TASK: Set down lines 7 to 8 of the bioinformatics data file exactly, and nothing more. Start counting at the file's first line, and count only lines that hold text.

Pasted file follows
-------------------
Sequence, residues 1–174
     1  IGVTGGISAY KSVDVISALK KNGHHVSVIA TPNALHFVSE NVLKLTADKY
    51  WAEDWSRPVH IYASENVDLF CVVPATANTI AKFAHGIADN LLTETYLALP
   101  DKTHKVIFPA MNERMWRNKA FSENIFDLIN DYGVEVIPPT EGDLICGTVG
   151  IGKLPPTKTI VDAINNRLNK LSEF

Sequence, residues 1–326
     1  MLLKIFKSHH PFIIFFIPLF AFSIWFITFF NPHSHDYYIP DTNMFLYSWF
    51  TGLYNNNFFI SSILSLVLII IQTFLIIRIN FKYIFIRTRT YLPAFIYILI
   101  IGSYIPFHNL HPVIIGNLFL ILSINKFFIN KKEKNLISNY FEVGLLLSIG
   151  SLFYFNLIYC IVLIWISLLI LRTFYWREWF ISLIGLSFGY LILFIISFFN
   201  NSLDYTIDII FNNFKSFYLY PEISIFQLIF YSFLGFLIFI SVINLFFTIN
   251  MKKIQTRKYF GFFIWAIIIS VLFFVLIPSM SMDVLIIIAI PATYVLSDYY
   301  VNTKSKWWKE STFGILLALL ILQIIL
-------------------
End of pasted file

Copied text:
     1  MLLKIFKSHH PFIIFFIPLF AFSIWFITFF NPHSHDYYIP DTNMFLYSWF
    51  TGLYNNNFFI SSILSLVLII IQTFLIIRIN FKYIFIRTRT YLPAFIYILI